Summary: As a nation, state, and people, we know debt. In Romans 13, Paul calls us to have one more debt: love one another.

Being in debt is never fun, nor is it easy. As a country, we know what it is like to be in debt. Our national debt is astronomical. It is roughly 19 trillion dollars. If you were to break that down, that would be $61,000 per citizen, or $165,000 per tax payer. This debt is also not going down either, but is rather, increasing. As a state, we know debt, too. The state of Minnesota’s debt is 51 billion dollars, which equates to $9,000 per person. Like our country, our state’s debt is increasing too. As a people, individually, we can know debt, too. The average American has roughly $4,700 of credit card debt at an interest rate of 15%. This is not including what we may owe on our homes, cars, education, medical expenses, or payment plans that we are on for past services and purchases. These debts can take months, years, and perhaps decades to repay.

When we have debt, or are in these situations, we can feel overwhelmed. We can feel anxious, ashamed, defeated, at wits-end, or a mess trying to figure out how to pay back such an amount. Every payment can be a reminder of what we owe, and the slow progress that we are making. But we have to pay back these debts, because otherwise, there are consequences. We can lose our property or possessions. We might not be able to get credit, or have to pay a higher rate or fees. In some extreme cases, we might face legal action.

So, what do we do? We might work extra hours, get another job, penny pinch, sell some valuables, or do odd jobs. The popular one that many people did at Seminary was to sell plasma, which would give you $150 a session. Other times, we might just give up!

Paul tells us to add another debt. What is one more when we can have so much already? He writes: “Owe no one anything, except to love each other, for the one who loves another has fulfilled the law.” Love one another. Paul tells us to owe one another in love. This is an imagery that we can relate to. We know what it is like to owe others. In our lives, when we have debt, we want to do whatever we can to settle it, or to get rid of it. We want to come up with a way or plan to settle that debt, whether it is by making payments or offering services. If it is a person that we owe, we often want to serve, help, and be nice to that person. We at least want to be on their good side. We also want to make good on our word, and try to settle that debt.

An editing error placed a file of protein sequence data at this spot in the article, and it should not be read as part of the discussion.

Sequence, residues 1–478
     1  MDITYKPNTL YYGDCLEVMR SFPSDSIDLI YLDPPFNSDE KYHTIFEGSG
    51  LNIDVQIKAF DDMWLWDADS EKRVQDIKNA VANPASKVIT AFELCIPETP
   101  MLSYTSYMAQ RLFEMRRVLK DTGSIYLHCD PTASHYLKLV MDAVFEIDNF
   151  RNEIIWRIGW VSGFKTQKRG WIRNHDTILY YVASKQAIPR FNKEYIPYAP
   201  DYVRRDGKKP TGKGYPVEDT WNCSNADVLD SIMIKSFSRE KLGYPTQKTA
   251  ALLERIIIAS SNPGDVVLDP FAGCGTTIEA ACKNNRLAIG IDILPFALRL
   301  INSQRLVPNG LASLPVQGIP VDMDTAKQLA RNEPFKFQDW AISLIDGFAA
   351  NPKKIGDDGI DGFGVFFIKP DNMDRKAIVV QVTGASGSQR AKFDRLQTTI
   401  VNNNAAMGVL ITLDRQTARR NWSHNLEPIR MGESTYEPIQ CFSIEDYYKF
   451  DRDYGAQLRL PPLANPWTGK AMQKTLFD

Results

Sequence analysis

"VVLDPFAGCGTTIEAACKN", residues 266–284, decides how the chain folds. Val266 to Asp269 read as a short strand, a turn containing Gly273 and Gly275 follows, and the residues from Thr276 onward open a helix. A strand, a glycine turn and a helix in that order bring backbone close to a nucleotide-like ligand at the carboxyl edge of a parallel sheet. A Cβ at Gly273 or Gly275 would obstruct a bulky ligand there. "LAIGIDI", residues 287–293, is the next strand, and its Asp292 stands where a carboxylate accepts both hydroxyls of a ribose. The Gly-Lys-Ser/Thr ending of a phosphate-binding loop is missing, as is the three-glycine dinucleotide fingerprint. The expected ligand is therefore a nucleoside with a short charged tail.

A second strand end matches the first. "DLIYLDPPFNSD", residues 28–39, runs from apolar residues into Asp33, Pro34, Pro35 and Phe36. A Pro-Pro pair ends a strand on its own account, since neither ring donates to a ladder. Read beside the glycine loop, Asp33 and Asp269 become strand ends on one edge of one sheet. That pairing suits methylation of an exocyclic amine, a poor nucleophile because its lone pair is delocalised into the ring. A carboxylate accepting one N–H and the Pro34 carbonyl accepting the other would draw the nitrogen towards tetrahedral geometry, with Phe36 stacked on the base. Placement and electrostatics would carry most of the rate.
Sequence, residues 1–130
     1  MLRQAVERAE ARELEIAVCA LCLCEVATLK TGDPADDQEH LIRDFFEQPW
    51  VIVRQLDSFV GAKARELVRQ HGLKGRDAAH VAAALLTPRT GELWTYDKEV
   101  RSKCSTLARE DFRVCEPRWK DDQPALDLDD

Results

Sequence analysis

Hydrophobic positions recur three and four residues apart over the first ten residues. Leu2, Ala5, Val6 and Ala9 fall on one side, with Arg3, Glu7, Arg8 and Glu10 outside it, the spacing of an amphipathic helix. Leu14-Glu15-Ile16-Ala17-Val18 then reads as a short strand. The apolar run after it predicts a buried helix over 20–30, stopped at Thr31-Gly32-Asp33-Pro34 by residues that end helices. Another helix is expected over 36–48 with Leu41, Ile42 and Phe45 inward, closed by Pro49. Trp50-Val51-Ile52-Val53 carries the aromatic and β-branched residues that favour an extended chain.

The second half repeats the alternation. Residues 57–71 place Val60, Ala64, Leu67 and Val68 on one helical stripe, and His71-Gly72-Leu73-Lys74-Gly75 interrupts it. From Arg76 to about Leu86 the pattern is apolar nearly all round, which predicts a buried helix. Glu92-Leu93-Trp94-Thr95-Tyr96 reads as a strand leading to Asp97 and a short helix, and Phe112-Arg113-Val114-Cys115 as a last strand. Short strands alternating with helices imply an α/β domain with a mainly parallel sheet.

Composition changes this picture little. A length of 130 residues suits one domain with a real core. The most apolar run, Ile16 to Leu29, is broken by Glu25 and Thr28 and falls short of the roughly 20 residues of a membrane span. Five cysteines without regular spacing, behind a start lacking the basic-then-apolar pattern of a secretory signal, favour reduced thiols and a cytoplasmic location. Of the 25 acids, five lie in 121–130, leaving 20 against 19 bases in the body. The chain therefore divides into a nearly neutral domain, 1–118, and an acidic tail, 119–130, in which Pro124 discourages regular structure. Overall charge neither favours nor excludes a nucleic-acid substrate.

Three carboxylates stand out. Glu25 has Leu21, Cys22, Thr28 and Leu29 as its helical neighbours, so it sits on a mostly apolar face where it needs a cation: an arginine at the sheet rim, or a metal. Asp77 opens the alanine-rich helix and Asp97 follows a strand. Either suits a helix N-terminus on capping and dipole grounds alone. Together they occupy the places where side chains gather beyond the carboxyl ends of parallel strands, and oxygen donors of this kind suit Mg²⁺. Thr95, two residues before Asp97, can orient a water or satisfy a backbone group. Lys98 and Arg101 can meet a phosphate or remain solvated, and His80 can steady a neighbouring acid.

This imagery of owing one another in love builds on Paul’s encouragements from last week, especially the theme of showing a self-sacrificial love. He makes the same point here but uses a different image to do so. The idea of owing encourages us to show love not just regularly or often, but always, until that “debt” is paid off. The reality, though, is that it won’t ever be! This imagery of owing also encourages us to look out and act on our neighbor’s behalf and interest since we are “indebted” to them. His point carries the idea of an ongoing action for them. The love stems from the mercy and love shown to us in Jesus.

Paul also notes another reason that we should owe one another in love. It fulfills the Law, too. Love brings the commandments to fulfillment. It brings them about to their divinely intended outcome or result. Listen to what the apostle says in verse 10: “Love does no wrong to a neighbor; therefore love is the fulfilling of the law.” The commandments and love help to give shape and guidance to each other. Let’s look at the examples that Paul used.

“You shall not commit adultery,” the Sixth Commandment. Love drives us to honor our marriages by what we say and by what we do. It drives us to honoring the marriages of others. It leads us to purity in how we live our lives.

“You shall not murder,” the Fifth Commandment. Love won’t let us hurt or harm our neighbor in his body. Rather, it leads us to helping and supporting our neighbor in every physical need. We have seen this a lot lately with the help being given to those in Texas, and we will probably see it once again when Hurricane Irma runs her path.

“You shall not steal,” the Seventh Commandment. Not only do we not take what is not ours, we actually help to improve and protect the possessions and income of other people. I had this done to me a few weeks. I was finishing up something at home on a Friday, and Dawn came to pick me up in the car for our date. She had to run in the house and grab something before we went to the movie, so I gave her my keys so that we didn’t have to turn off the car. When we got to the movie theater, we got the spot of a lifetime, the first spot by the door. I parked the car, and we went in to buy the tickets and see the movie. As we were leaving, I asked her for my keys, and she told me that she had given them to me while we were driving. While we were driving, she placed them in the center unit of the car, which was an obvious place for me to see. I spaced out at her telling me this, too. When we got outside, the car was still there, and amazingly so after I saw that I didn’t lock it either. Love does not steal, even when it is easy to do so. It protects and watches out for the property and possessions of others.

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